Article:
Integrators Vent Biggest Frustrations with Manufacturers, Distributors

Supplier frustration includes out-of-stock merchandise, shipping policies, inaccurate online ordering portals, poor customer service and more.

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Integrators Vent Biggest Frustrations with Manufacturers, Distributors

Among the more common supplier frustrations integrators face is discrepancies between the online portal and the actual inventory in stock.

Our parents would have called this “constructive criticism,” but you can call it what you want… beefs, complaints, grievances, gripes, etc. Whatever the name, it’s healthy to vent versus let things stew, and that’s exactly what CE Pro asked integrators to do as part of our 11th annual Quest for Quality Awards. The awards recognize the best services from manufacturers and distributors in customer service, warranty support, tech support and numerous other categories. But what are suppliers doing wrong? Lots, according to respondents, who offered up some of the problems and supplier frustrations they face.

Here are just some of their verbatim comments (with the specific brand names removed); however, CE Pro has passed along the details to the various manufacturers in the spirit of helping them address these supplier frustration issues. Do any of these sound familiar?

“I hate _____ the most. I love the brand, but their ordering portal is terrible to maintenance.”

The continued lack of any inventory at ____ is ridiculous.”

“I hate _____. They sell directly to my clients and leave me no margin.”

“I order stuff online from _____ and it shows up a month in a half later even though there was plenty of stock in shop. Why does it take a month in a half to realize they didn’t ship something out?”

“I ordered a bag of generic lock bottom pins from _____. The price should have been $3.50. Instead they sent their own brand pins for three times that amount. When I called them about it, they said send them back but the freight to do so was more than the original purchase and since it was their error, I thought they should have sent a UPS pickup slip.  I never dealt with them again.”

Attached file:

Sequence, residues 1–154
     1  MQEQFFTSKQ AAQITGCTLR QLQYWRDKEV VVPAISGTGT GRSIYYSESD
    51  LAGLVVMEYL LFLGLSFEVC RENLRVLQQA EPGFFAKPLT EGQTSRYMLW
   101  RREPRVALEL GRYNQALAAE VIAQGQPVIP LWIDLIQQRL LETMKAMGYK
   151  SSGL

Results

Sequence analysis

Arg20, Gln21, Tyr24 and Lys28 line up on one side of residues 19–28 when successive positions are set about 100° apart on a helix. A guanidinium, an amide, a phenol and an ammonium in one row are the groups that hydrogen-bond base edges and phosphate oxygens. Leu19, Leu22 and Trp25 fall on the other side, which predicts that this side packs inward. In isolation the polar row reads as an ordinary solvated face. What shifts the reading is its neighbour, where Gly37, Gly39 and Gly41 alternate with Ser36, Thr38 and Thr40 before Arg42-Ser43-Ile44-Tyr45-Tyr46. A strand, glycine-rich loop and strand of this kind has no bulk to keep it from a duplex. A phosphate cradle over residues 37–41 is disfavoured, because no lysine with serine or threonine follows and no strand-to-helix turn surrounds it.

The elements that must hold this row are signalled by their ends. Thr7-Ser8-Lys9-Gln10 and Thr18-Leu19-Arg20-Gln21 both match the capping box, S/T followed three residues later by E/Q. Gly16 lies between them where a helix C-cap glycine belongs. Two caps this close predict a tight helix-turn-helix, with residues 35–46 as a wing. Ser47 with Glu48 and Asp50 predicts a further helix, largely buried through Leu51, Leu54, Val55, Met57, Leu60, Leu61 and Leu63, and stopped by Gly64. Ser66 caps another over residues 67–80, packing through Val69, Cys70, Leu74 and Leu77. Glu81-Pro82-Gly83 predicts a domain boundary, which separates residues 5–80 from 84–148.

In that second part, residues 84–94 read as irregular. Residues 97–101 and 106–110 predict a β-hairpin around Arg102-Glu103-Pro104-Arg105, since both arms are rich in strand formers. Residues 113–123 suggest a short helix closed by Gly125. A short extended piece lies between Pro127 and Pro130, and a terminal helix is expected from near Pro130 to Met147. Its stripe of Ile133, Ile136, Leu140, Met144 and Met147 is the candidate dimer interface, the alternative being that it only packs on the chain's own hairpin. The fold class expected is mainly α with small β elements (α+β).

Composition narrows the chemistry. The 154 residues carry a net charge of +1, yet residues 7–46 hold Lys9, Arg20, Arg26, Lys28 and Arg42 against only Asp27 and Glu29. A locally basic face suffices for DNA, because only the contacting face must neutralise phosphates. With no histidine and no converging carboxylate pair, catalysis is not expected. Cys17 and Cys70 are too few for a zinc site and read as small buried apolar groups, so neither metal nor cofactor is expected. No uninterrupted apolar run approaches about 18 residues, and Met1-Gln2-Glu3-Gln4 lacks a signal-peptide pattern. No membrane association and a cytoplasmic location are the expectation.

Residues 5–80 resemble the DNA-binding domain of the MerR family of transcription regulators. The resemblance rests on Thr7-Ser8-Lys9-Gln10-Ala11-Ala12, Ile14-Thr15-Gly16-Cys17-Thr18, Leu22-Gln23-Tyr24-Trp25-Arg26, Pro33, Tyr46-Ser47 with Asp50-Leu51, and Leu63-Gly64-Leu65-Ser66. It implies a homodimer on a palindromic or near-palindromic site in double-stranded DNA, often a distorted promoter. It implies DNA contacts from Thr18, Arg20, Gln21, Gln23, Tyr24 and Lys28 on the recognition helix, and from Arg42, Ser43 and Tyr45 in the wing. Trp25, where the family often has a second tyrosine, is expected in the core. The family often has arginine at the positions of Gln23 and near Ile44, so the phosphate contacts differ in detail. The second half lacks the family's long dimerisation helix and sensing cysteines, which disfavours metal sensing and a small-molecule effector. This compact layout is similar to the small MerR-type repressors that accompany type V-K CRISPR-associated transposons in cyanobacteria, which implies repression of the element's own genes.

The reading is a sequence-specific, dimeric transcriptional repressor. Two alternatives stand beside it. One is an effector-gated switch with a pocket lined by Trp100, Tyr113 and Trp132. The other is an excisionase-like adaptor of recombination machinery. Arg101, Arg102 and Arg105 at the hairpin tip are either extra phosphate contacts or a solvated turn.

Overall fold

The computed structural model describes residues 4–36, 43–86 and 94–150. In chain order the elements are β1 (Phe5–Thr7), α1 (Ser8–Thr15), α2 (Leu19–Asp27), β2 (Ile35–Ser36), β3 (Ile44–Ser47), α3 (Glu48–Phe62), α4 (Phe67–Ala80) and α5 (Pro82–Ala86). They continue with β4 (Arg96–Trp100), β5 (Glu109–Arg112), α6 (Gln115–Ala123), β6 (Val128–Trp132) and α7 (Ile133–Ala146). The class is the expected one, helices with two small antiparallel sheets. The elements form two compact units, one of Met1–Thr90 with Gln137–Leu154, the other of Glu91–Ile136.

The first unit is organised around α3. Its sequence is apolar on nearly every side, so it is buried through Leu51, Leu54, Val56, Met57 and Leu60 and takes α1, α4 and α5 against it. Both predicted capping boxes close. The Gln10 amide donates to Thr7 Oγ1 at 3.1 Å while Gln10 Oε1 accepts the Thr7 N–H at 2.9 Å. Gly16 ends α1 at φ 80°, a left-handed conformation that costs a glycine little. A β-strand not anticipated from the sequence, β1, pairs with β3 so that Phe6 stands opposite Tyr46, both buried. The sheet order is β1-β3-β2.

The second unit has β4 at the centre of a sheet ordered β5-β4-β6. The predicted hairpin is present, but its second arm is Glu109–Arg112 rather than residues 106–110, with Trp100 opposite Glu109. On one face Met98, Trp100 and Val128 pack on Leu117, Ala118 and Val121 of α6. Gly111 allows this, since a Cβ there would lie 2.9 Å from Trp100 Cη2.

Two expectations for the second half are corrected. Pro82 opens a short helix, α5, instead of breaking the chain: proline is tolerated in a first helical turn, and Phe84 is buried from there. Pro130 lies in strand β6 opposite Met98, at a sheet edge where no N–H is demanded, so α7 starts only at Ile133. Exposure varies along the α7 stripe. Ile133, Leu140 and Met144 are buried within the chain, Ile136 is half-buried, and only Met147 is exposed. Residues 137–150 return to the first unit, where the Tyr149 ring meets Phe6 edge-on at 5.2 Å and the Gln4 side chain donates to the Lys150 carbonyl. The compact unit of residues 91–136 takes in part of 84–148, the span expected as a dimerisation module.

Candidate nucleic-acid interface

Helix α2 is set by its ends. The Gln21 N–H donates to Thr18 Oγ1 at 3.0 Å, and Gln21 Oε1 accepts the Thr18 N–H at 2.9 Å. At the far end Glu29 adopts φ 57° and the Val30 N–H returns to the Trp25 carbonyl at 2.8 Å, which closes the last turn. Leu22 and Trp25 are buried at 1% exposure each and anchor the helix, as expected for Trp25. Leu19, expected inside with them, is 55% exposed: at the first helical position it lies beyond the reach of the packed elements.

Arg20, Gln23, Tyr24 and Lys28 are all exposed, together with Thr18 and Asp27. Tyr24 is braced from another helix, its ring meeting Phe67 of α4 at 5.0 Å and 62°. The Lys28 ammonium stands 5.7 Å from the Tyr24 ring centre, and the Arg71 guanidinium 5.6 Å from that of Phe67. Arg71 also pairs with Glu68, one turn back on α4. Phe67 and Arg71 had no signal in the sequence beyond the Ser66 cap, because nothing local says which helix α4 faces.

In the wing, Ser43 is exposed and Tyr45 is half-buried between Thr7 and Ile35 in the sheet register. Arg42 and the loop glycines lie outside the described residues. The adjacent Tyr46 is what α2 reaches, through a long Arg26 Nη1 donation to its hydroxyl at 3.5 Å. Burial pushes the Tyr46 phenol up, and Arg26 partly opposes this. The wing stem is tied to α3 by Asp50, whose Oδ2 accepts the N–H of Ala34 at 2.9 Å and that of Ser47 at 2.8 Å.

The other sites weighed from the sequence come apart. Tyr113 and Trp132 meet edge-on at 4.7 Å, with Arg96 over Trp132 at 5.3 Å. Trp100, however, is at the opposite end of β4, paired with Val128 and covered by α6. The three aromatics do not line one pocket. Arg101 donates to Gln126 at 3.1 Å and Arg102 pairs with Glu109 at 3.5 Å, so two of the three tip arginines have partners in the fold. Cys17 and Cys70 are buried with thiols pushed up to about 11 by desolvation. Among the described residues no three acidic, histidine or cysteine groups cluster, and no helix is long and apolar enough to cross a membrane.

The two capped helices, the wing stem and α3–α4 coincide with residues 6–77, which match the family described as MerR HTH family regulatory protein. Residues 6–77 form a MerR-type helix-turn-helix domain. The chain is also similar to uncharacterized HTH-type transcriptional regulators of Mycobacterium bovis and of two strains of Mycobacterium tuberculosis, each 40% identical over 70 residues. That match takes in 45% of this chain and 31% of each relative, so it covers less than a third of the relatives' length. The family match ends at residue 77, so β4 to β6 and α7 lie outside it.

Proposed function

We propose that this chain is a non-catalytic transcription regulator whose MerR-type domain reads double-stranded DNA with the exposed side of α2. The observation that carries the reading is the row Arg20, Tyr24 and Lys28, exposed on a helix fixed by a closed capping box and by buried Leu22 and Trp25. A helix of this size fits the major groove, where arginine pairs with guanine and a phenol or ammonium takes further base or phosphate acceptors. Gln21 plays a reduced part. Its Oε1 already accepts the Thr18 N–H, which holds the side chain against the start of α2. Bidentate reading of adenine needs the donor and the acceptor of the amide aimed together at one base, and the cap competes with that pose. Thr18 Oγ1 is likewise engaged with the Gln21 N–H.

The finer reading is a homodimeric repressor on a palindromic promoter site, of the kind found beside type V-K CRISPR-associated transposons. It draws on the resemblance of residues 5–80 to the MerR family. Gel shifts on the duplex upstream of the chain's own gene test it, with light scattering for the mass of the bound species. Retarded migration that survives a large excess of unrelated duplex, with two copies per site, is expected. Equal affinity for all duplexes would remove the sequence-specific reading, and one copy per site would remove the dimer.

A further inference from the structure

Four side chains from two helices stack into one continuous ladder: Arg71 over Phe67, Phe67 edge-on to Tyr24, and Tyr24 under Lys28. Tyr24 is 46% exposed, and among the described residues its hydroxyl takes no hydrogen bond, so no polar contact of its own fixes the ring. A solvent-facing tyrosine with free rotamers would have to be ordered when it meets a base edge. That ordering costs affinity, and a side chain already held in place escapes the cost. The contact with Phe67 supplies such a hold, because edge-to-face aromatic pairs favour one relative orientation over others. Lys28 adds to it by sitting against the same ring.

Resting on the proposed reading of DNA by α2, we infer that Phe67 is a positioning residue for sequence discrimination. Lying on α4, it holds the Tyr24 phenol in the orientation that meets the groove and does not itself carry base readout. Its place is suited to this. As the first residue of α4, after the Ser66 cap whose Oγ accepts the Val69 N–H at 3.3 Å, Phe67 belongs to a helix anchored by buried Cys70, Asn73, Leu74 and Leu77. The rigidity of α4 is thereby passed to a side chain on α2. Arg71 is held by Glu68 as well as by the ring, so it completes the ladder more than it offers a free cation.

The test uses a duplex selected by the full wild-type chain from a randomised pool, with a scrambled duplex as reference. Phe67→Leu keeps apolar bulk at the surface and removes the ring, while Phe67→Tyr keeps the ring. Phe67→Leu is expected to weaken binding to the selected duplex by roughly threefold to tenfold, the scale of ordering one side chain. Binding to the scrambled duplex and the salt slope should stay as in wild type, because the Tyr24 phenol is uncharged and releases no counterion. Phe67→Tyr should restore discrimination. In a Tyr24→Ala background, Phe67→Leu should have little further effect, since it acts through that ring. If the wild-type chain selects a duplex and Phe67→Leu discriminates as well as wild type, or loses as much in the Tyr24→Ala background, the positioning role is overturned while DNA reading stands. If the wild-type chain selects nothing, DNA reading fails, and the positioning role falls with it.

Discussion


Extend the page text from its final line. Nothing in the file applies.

“_____ is impossible to do business with.  Low inventory, bad service, and lack identity.”

“_____ never has anything.”

“_____ on multiple occasions told me they had equipment in stock but when I arrived they did not have what I was told they had. This happened two times within a week and a half. That made me look incompetent to the client.”

“_____’s attitude of high minimum sales, as well as their ‘do-not-use lists’ for every equipment other than theirs, is ridiculous. They are supposed to be an integration manufacturer, they are just trying to get the monopoly, but talking with dealers frequently, I can say that it’s not happening well.”

“_____ lighting controls has been hard to rely on. Support is available but will more times than not leave the integrator feeling helpless when support will not continue down the path of rectifying issues.  Up front sales and support feels more behind the times than giving a leading effort.”

Product was hard to get before COVID because _____ was trying to figure out a who was going to purchase them.  They let down dealers prior to COVID.”

“Most manufacturers during COVID have been pretty difficult to work with.”

“When you call _____ for inventory check, they say nothing is in stock but the online portal shows they have units.”

“______ is very expensive and they do not honor their offers.”

“_____ frequently leads you to believe they have the product in stock, but it is actually not in stock at any location and has no known ETA.”

“_____ changes their control platform all the time.”

“_____is always out of stock.”

About the Author

Jason Knott
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Jason Knott:

Jason Knott is Chief Content Officer for Emerald's Connected Brands. Jason has covered low-voltage electronics as an editor since 1990, serving as editor and publisher of Security Sales & Integration. He joined CE Pro in 2000 and serves as Editor-in-Chief of that brand. He served as chairman of the Security Industry Association’s Education Committee from 2000-2004 and sat on the board of that association from 1998-2002. He is also a former board member of the Alarm Industry Research and Educational Foundation. He has been a member of the CEDIA Business Working Group since 2010. Jason graduated from the University of Southern California.